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Coreboot Is Set To Start Booting Laptops

Coreboot

Published on 03 February 2012 09:47 AM EST
Written by Michael Larabel in Coreboot
9 Comments

This weekend in Brussels at FOSDEM along with many interesting X.Org discussions and laying out the plans for Wayland 1.0, the Coreboot project has an exciting announcement: showing off the first mainstream laptop with Coreboot support.

This open-source BIOS re-implementation project will be showing off a laptop running Coreboot. This has been known as part of the talk's abstract and then an interview published this week with Carl-Daniel Hailfinger. "We coreboot developers are proud to present the first working mainstream laptop here at FOSDEM. This talk will briefly introduce coreboot goals and current project status, and then jump right into a rollercoaster ride through laptop architecture (main processor and embedded controllers), x86 early initialization, coreboot architecture, reverse engineering, hardware debugging, and how to write coreboot support for a laptop. You'll get to know the various technical (no debug hardware available, ...) and non-technical (no datasheets, ...) roadblocks and how to overcome them."

Carl-Daniel Hailfinger, the lead of the Coreboot project, is the one presenting this week at FOSDEM in Brussels, Belgium. In the FOSDEM interview he also mentions, "There are rumors that a major company will ship affordable laptops with coreboot in spring/summer 2012, but that's not official yet." Back in the summer of 2011 I mentioned an OEM taking interest in Coreboot and potentially shipping it on select products. That didn't happen in 2011 at least for their products in the US market, but hopefully it's the same vendor to be talked about now for the laptop coverage, we'll see on Sunday.

Coreboot support of laptops has been more challenging to handle due to needing to support each laptop's embedded controller. "The embedded controller (EC) handles poweron, battery charging, backlight and other hardware functions and is essentially a second computer within the laptop. The EC and the processor+chipset interact in various undocumented ways and often even the laptop vendor has no idea how everything works together. Simply ignoring the EC is not possible, but sometimes you can get by with sniffing the host<->EC communication with a logic analyzer and replaying crucial parts of it (watchdog disabling, RAM poweron, backlight control) until you have figured out the exact meaning of everything."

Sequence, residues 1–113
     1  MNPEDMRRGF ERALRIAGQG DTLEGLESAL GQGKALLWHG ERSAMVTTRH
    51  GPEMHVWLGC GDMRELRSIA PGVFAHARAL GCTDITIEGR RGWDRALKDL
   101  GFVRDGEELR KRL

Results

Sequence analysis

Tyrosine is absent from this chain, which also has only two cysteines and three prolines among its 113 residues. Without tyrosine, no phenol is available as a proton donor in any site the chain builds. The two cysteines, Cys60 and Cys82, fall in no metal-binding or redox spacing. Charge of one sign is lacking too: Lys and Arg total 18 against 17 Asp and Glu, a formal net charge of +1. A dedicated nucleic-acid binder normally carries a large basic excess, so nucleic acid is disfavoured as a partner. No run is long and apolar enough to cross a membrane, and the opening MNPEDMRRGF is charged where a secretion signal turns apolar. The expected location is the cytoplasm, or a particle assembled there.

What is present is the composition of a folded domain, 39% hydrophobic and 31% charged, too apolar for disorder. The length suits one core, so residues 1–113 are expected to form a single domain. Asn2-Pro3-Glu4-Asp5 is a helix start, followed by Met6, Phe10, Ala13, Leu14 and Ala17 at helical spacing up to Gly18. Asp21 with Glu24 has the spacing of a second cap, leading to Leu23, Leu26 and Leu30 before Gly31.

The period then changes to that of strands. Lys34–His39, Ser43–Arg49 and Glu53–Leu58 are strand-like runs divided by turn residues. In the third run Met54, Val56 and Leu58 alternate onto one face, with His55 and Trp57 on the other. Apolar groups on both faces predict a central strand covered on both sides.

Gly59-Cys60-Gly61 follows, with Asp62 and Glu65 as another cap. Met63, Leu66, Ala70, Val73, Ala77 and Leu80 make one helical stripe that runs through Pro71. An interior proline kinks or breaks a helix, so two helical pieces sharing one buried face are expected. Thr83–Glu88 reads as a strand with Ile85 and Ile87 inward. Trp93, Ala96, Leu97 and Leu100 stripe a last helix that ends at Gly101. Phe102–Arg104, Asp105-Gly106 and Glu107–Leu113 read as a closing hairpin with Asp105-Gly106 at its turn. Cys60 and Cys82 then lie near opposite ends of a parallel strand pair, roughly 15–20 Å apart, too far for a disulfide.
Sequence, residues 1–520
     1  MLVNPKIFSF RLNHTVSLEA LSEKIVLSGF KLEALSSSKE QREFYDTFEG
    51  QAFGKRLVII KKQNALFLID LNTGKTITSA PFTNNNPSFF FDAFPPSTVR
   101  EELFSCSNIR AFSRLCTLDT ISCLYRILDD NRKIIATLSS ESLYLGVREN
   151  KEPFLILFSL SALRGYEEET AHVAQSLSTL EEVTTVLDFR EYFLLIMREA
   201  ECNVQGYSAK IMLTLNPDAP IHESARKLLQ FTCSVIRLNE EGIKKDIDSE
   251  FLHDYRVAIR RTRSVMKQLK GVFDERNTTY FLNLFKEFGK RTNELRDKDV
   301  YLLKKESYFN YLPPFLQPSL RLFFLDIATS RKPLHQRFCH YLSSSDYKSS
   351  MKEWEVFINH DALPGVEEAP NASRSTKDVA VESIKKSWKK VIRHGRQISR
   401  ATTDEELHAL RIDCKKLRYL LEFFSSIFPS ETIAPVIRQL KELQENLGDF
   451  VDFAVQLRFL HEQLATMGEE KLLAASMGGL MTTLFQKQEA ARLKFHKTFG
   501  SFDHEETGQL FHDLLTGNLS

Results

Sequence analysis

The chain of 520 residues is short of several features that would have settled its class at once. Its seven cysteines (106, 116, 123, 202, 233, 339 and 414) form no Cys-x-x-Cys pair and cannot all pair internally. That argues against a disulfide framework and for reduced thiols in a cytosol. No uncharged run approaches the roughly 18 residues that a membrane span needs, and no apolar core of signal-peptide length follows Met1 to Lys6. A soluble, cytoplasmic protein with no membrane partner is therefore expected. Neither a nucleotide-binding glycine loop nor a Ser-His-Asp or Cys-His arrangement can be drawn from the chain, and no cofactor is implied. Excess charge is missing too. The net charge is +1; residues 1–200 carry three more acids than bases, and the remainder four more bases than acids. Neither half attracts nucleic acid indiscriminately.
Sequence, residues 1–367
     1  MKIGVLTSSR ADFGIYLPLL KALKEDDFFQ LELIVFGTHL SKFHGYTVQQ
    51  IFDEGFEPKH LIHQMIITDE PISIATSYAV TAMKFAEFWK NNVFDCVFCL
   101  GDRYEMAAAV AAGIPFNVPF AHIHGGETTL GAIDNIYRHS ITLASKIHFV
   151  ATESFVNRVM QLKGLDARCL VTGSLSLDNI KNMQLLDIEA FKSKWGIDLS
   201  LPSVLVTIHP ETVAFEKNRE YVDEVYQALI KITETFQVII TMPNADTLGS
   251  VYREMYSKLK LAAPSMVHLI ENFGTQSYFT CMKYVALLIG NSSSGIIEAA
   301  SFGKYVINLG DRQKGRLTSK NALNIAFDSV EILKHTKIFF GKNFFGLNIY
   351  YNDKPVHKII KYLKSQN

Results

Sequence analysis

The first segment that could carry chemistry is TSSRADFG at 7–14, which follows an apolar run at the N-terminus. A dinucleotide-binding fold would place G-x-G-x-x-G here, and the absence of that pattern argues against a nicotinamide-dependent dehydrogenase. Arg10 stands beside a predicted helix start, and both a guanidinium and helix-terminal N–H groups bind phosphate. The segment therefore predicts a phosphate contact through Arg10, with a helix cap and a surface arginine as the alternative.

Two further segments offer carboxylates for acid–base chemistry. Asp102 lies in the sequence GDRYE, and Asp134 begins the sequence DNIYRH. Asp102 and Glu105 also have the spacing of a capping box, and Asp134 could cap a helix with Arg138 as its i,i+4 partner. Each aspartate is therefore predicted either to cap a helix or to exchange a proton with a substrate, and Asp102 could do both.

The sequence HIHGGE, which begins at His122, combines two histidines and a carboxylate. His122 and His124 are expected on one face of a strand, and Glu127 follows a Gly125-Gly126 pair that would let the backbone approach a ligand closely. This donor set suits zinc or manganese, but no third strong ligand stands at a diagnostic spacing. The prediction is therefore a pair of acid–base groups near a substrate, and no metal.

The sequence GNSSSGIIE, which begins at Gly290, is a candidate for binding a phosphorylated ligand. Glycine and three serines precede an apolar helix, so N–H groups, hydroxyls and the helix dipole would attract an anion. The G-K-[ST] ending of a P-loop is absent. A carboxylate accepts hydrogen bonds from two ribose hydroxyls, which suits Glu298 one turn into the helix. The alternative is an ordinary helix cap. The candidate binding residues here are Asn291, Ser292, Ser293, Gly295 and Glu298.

Coreboot Is Set To Start Booting Laptops
I'm already in Brussels and will have coverage on Phoronix and via Twitter.


Of the supported hardware for Coreboot the only laptops with proper Coreboot support so far has been the Getac P470, Roda RK886EX, Lenovo X60s (Model 1703), and the Lenovo ThinkPad T60p. All of these supported notebooks have an Intel 945 chipset with ICH7 Southbridge, although AMD has been much more friendly to Coreboot and pledging their support of it with all future products.

There's also additional Coreboot laptop information on this Wiki page.

It will be interesting to see if Coreboot support gains any traction in the mobile space considering that for desktop motherboards it now works on a wide-range of products, but hasn't seen much mainstream adoption. Among the benefits of using Coreboot is a much faster power-on/initialization process, unlimited customization possibilities seeing as Coreboot is fully open-source (GPLv2), and greater security due to being able to audit the entire BIOS/EFI implementation.

About The Author
Michael Larabel is the principal author of Phoronix.com and founded the web-site in 2004 with a focus on enriching the Linux hardware experience and being the largest web-site devoted to Linux hardware reviews, particularly for products relevant to Linux gamers and enthusiasts but also commonly reviewing servers/workstations and embedded Linux devices. Michael has written more than 10,000 articles covering the state of Linux hardware support, Linux performance, graphics hardware drivers, and other topics. Michael is also the lead developer of the Phoronix Test Suite, Phoromatic, and OpenBenchmarking.org automated testing software. He can be followed via and or contacted via .
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